Understanding Shelter Limitations

As an animal shelter volunteer, rescue organization leader, or animal foster parent you want to save all of the animals. You simply can’t, and if you try you are putting yourself and the animals you are rescuing in danger. You can however make a difference for the animals you can help: ones that would not have had help if it were not for you.

 

When a shelter is at capacity, here are some of the reasons we want to but can’t save them all. Please understand that even though we desperately want to care for these unwanted animals we can’t. The emotional stress you are feeling at the moment you find a litter of six puppies that no shelter can take because they are full, and you cannot keep, we understand, we are dealing with the same stress at a much larger scale.

 

The emotional stress of wanting to save them all, compassion fatigue is an occupational hazard of our work with animals this work requires that we compassionately and effectively respond to the constant demand to be helping those who are suffering and in need. What is compassion fatigue, compassion fatigue is normal displays of chronic stress resulting from the care giving work we choose to do.  How do we combat the inevitable burn out? The constant mantra I cannot save them all, but I can save these.  Instead of asking for help, ask yourself what can I do? If a shelter is full take a breath and call the next.

Here is a list of Animal shelters in the Perry Area

What does it mean when a shelter is full? The United States Department of Agriculture sets building capacity limitations, for all shelters for the safety and wellbeing of the animals held at the facility.  If the capacity limitations are reached, that shelter legally cannot hold any more animals. If the shelter was not in compliance with regulation they are subject to:  “The Commissioner may deny, suspend, or revoke any license required by this chapter, subject to notice and hearing, in any case in which he finds there has been a violation of this chapter.  All proceedings for denial, suspension, or revocation of a license shall be conducted in conformance with Chapter 13 of title 50, the “Georgia Administrative Procedure Act”. In order to stay open shelters must be in compliance, yes one tiny kitten could close a shelter for hundreds of animals.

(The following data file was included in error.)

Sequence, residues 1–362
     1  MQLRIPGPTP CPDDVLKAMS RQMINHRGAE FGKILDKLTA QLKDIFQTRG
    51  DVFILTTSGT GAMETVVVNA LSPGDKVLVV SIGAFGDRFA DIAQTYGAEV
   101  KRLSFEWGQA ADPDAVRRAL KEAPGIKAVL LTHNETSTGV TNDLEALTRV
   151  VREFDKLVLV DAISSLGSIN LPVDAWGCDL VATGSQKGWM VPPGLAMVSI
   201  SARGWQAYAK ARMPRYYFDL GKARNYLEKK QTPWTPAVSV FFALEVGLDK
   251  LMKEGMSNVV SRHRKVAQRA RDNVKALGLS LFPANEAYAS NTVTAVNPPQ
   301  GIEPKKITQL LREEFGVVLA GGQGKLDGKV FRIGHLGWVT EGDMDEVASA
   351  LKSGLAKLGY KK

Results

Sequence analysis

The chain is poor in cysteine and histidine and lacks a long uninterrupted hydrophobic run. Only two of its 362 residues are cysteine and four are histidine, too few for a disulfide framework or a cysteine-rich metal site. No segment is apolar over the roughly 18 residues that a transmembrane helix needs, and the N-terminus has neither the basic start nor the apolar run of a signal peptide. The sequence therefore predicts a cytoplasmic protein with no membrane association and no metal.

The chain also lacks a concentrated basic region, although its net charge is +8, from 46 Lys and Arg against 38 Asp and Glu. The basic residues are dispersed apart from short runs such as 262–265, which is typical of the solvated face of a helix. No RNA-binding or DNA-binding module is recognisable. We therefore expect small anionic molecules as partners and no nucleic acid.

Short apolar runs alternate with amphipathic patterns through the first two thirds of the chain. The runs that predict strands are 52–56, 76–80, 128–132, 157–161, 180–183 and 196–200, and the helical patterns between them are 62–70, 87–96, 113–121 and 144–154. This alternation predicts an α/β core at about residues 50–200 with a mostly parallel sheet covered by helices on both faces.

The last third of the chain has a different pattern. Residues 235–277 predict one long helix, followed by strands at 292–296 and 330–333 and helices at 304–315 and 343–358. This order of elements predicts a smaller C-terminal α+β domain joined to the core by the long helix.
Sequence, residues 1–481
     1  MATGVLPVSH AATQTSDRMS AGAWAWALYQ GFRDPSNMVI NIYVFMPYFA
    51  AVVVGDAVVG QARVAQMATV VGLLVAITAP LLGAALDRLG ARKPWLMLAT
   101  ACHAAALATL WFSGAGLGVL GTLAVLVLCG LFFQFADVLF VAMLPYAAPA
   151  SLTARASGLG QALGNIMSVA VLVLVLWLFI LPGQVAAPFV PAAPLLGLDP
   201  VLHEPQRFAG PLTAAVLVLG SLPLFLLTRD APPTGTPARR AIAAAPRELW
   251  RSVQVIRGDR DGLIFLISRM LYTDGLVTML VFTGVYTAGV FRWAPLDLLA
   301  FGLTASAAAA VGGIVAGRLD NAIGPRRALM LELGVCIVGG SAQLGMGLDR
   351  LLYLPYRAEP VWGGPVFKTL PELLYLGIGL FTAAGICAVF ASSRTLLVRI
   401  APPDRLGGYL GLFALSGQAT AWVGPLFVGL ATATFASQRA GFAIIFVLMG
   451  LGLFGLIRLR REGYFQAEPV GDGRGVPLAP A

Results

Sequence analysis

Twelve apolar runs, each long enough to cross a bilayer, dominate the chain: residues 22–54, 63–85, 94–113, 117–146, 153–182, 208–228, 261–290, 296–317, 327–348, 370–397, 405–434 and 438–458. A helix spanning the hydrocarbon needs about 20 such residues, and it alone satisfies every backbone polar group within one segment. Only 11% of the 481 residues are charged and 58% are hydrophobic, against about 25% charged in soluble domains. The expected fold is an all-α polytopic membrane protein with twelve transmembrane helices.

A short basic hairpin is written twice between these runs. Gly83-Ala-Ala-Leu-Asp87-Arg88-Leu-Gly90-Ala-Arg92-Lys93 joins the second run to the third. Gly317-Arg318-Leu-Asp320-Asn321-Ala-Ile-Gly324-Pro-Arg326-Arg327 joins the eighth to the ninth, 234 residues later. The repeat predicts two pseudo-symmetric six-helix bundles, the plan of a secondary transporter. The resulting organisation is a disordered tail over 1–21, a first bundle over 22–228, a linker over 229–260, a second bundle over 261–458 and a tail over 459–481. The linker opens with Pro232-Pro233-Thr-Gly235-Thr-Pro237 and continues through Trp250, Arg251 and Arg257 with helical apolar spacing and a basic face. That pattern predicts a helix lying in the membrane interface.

Learn More About the Georgia Department of Agriculture 

Just like everyone else shelters have monetary restrictions. Many shelters rely on donations from the public to pay, building fees, water, electric, vet bills, food cost, bedding, housing, medicine, and office supplies. This sometimes limits the number of animals they can care for. So that one tiny puppy could be the tipping point, leaving hundreds of animals without.

 

How you can help? As frustrating and upsetting as it maybe to be told a shelter cannot take an animal, please be kind. We want to help with all our heart and soul we just can’t. 

 

Control the pet population by having your pet Spayed or Neutered. This helps reduce the number of unwanted pets. In turn controlling the number of animals with in the shelter. So we can always say yes we can take this unwanted animal.

 

Adopt! Adopting from a shelter instead of purchasing makes room at the shelter for other animals.

 

Fostering! Taking these animals into your home helps take some of the workload off of regular volunteers at the shelter. It also helps shelter animals learn to be pets taking away their stress and anxiety.

 

Donating! Making sure that the shelter has all the funds it needs to operate.

 

Volunteering! Caring for the animals is a 24 /7 365-day job. Helping care for them helps everyone involved with the shelter not just the animals.

 

Educating! Urging a friend to adopt, or spay / neuter there pet is educating.  Sharing this article on social media, is educating.  When you ask someone or help someone understand animals or animal welfare, you are a voice for animals because they don’t have one.

 

Sponsor! Sponsoring an animal can mean many different things. You can choose an animal to help find a home and work tirelessly to find that animal a home, or you can pay the adoption fee or part of one, on an animal so they can find a home faster.  Helping that one animal is in turn helping all the animals.